World Music CDs: November 2012by Listener Archive
Ian Dando's roundup of World Music CDs.
ARMENIAN SPIRIT, Hespérion XXI et al, Jordi Savall (director) (Alia Vox). The duduk is “the only instrument that makes me weep”, said Armenian composer Aram Khachaturian. Existent since 99BC, the duduk is a double-reed woodwind with a range of a minor tenth from F sharp above middle C to ledger line A. They are mostly played in pairs, one on the bourbon drone and the other on the melody. Landlocked Eurasian Armenia came late to harmony. Not that they need it, as the sparse beauty of only two duduks is self-sufficient. Their tone approximates a poignantly warm saxophone. Their static and meditative sound matches the country’s mountain landscape with its many Apostolic monasteries, one of which is the oldest national church in the world. Armenia was the world’s first Christianised country in 301AD, 81 years ahead of Rome. It traces its antediluvian roots back to Noah and the flood, which they date as 2348BC. Savall is booked for Womad next March. His selection of 18 tracks here covers the early medieval period to the 19th century with a 317-page multilingual book crammed with historical notes. Top drawer.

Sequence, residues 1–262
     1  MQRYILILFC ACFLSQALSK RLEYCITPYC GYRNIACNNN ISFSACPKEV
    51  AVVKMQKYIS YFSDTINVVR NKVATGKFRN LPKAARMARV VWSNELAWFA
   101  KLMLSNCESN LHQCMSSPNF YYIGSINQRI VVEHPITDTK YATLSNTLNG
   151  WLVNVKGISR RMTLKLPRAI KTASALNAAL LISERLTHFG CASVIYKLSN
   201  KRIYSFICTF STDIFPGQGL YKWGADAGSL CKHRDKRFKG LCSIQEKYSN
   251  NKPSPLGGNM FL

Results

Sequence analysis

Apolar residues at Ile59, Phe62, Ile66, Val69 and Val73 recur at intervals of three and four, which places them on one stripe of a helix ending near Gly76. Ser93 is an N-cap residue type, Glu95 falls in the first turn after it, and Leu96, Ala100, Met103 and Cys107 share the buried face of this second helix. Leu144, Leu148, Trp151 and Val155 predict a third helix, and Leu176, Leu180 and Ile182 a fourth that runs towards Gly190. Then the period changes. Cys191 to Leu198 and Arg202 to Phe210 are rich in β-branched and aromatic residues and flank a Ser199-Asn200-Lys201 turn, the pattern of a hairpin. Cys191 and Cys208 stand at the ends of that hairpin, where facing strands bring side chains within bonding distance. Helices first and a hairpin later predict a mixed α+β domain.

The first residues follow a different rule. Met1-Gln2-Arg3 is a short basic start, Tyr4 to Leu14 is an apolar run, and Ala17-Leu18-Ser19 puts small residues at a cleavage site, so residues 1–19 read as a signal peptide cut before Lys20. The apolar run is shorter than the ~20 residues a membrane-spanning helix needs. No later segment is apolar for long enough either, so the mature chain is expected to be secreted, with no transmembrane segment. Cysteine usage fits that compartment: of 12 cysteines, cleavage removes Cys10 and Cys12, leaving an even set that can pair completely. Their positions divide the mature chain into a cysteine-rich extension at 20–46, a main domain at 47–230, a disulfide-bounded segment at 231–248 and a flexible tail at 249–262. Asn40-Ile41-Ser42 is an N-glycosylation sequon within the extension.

THE WIND HORSE, Anda Union (Hohhot/Southbound). This octet of men and two women, who performed at this year’s Womad, assertively preserves the nomadic culture of North Mongolia from extinction. The Wind Horse’s 13 items comprise throat singing activated by those hard throaty basso bottom Cs of the men, plus long songs with solo female voices singing slow and decorated vocalises with nasal vibratoless tone. The impressive and plucked and bowed instruments finely match the outdoor aura of the singing style. The moving tribute to their iconic Genghis Khan (track 12) underlines the gut honesty of their presentation. Recommended.
RAIN OF BLESSINGS: VAJRA CHANTS, Lama Gyurme et al (Real World/Southbound). Saviour of this erratic CD is the Bhutan-born Gyurme, whose early attraction to monastic life led his serenely stentorian basso profundo towards the meditative sound of Tibetan Buddhism’s ritualistic incantations. He’s outstanding. Buy it just for that. Some of the accompaniments containing bells and percussion sound genuinely Tibetan; others are amorphous mush. A mere one page of notes contains little more than acknowledgements and names.
RADIO BAGHDAD, Fawzy Al-Aiedy (Institut de Monde Arabe/Ode). Five of the 14 tracks sound exotically Iraqi and the others start likewise until Western corruption of the East is demonstrated in the entry of a drum kit and Western middlebrow melodic style; Fawzy’s 30-year exile in France has probably made him more Western than Iraqi. Good background music for a Middle Eastern restaurant but not recommended for true ethno-musicologists.
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